Blackheart, from Heaven Hill in Kentucky, is a distinctive spiced rum that rolls in at a palate-warming 93 proof. The warmth of this spirit is offset by the creamy elegance of careful blending. Blackheart is laced with sweet vanilla that meets nutmeg, cardamom, cinnamon and hot chilies. Marvelous mixed with coconut-water ice, a splash of simple syrup and a hit of fresh lime juice, the Blackheart will shake up the preconceived notion that spiced rum only means candy-sweet concoctions.  

Admiral Nelson, also from Heaven Hill, is known for a massive 101 proof spiced rum as well as creamier, thicker 70 proof offerings. Both are wonderful in a classic hot toddy, hot buttered rum, a lively piña colada or even a spiced rum and tonic.

Domestic producer Siesta Key in Sarasota, FL, makes a small-batch spiced rum that speaks clearly of the quality of the local Florida-grown sugar cane. Flavors of vanilla, nutmeg and allspice evoke a very tropical feel with the backbone of handcrafted rum.

Rum Parade

Rum is only getting more popular as time goes on, in all varieties and formats, from a simple molasses-based spiced quaff to sophisticated sugar-cane spirits as serious as the world’s finest digestifs. Here is a roundup of other rums of distinction on the U.S. market:

  • Brugal makes both light and dark rum, both of which are easily mixable. Extremely popular and flavor-driven.
  • Gosling’s, the iconic rum of Bermuda, is best known for their Black Seal, made using both pot and continuous stills. It is also the signature rum for the Dark ’n Stormy, recently released in a RTD can version. Another RTD cocktail, Gosling’s Rum Swizzle, is a lush tropical delight. 
  • Cockspur 12 Bajan Crafted Rum is as serious as Scotch. Barbados used to be the world leader for sugar cane. Now the cane fields have sprouted mansions, but Cockspur still farms their own cane.
  • Cruzan is the rum from the Virgin Islands; you’ll find it on every backbar in the islands. It is made from cane molasses and yields a bold flavor; their white rum is the most popular version.
  • Don Q is a huge player; they make dark and flavored rums, both very mixable. Ideal for a rum punch or a planter’s punch.
  • Kraken delivers an irresistible blend of spice flavors and vanilla overtones, plus brilliant marketing and a hip bottle; it mixes well and has a bit more alcohol than many of the others.
  • Martí Mojito Rum, pre-blended with lime and mint, is popular with the 21- to 30-year-old set, on the rocks or blended with fruit juice.  
  • Ron Matusalem is produced in the time-consuming solera method, like Sherry, whereby barrels used to draw rum for bottling are replenished with rum from younger barrels. Old-fashioned and extremely flavorful. Another solera rum of note is the 1796 bottling of Santa Teresa, made in Venezuela.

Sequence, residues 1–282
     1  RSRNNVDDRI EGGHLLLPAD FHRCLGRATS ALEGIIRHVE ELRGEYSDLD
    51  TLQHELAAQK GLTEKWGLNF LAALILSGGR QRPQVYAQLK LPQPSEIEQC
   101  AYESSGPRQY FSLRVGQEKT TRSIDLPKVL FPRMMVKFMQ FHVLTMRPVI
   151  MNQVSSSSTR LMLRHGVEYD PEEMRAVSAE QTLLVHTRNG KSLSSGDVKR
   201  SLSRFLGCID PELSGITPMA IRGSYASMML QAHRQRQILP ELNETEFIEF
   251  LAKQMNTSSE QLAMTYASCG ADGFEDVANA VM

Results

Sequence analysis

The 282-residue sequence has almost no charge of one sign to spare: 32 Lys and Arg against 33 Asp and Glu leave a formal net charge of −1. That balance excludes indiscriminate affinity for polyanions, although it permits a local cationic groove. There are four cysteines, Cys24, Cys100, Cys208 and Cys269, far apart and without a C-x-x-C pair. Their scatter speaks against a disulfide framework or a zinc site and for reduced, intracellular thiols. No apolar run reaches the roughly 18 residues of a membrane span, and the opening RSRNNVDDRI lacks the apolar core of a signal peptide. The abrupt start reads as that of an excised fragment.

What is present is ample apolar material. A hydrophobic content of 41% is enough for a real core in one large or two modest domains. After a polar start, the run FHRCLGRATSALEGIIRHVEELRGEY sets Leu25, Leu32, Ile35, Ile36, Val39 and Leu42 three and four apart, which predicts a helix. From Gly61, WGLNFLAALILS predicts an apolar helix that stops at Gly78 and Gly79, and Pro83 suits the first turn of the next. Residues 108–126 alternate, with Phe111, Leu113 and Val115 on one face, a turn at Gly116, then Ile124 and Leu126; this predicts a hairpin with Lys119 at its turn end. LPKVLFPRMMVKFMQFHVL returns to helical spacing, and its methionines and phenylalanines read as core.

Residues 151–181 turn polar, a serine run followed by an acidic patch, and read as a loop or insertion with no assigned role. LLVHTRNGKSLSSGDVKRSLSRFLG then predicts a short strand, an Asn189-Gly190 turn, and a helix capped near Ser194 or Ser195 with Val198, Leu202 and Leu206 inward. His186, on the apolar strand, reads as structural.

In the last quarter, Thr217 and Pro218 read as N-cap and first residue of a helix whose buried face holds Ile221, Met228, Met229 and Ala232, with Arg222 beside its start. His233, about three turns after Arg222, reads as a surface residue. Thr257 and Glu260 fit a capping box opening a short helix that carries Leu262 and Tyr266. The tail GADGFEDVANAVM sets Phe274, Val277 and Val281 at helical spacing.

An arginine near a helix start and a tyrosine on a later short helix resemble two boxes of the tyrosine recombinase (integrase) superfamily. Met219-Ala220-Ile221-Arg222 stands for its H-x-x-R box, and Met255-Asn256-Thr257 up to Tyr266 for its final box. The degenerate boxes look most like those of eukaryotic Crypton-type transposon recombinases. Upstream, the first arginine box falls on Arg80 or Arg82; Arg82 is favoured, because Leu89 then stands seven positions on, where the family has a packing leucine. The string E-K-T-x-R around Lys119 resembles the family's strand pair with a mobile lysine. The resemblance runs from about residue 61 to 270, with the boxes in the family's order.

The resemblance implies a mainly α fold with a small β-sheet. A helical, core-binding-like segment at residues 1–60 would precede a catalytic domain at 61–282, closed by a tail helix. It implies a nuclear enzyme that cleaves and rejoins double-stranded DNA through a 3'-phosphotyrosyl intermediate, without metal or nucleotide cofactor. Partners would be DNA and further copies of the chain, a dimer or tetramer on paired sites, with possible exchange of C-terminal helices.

• Vizcaya is Cuban-styled; a cigar rum if you will. Excellent mixed into a mojito or enjoyed in a snifter, this rum is rich, thick and flavor-driven.  
  • Caribaya, from the Virgin Islands, is best known for their coconut rum. Caribaya is the staple of every sailboat’s galley in the islands. Fabulous with cola in a Coconut Cuba Libre.
  • Brinley Gold Shipwreck Rum is made in St. Kitts from molasses then aged in ex-bourbon oak for four years. Infused with local spices, this is a most authentic and delicious version of spiced rum.
  • Blackwell Rum is a class act. Classic Jamaican rum nose of charred wood, creamy oak and vanilla notes. Esoteric and rare, it is fabulous by itself in a glass with coconut-water ice.
  • Dzama, in Madagascar, distills a broad range of rums from aged to spiced. Very full-bodied and friendly in cocktails that use tropical fruits; powerful in the glass as exotic aromas of pie spices combine with deeper notes of candy sugar syrup.  
  • Original Bartenders Coconut Rum is an easy-to-use flavored rum; extremely versatile in tropical concoctions.
  • Rum Jumbie is a sugar-cane-based infused rum from the Caribbean. Offering robust flavors such as coconut, Rum Jumbie makes the work of being a bartender even easier, with authentic aromatics and character.
  • Banks Rum is a very sophisticated blended rum that hails from several different Caribbean nations. Banks White Rum is built with several different rums, each with its own distinctive character; the final result resonates with the exotic aromatics.
  • Flor de Cana, from Nicaragua, is a gorgeous mouthful of pure and natural ingredients, including single-estate sugar cane. They use un-air-conditioned rick-houses to patiently age their consistently aromatic and carefully crafted rums.
  • Dominican Club—featuring Silver, Gold and Añejo expressions—is making a strong bid to raise the profile of rum from the Dominican Republic.
  • Caliche Rum, from Puerto Rico, is made in the old style, meaning this is a rum with great flavor. Crystal-clear but full-bodied and almost creamy on the palate, Caliche is able to stand alone or mix well.

Rum FAQs

How does dark rum get its color?
 True, dark rum can achieve its color from the cask, through oxidation, but in this day and age where cask aging costs more money, it is often from added caramel or other coloring agents. Gold, or amber, rums—stylistically midway between light and dark rums—gain their color via barrel aging.

How/when in the production process do they add spice to create spiced rums?
The spices (typically baking spices such as cinnamon, vanilla and/or ginger)  go in at the end—unless it is a very expensive spiced rum, then they go in at the beginning of aging. Siesta Key is one producer doing it the old-fashioned way.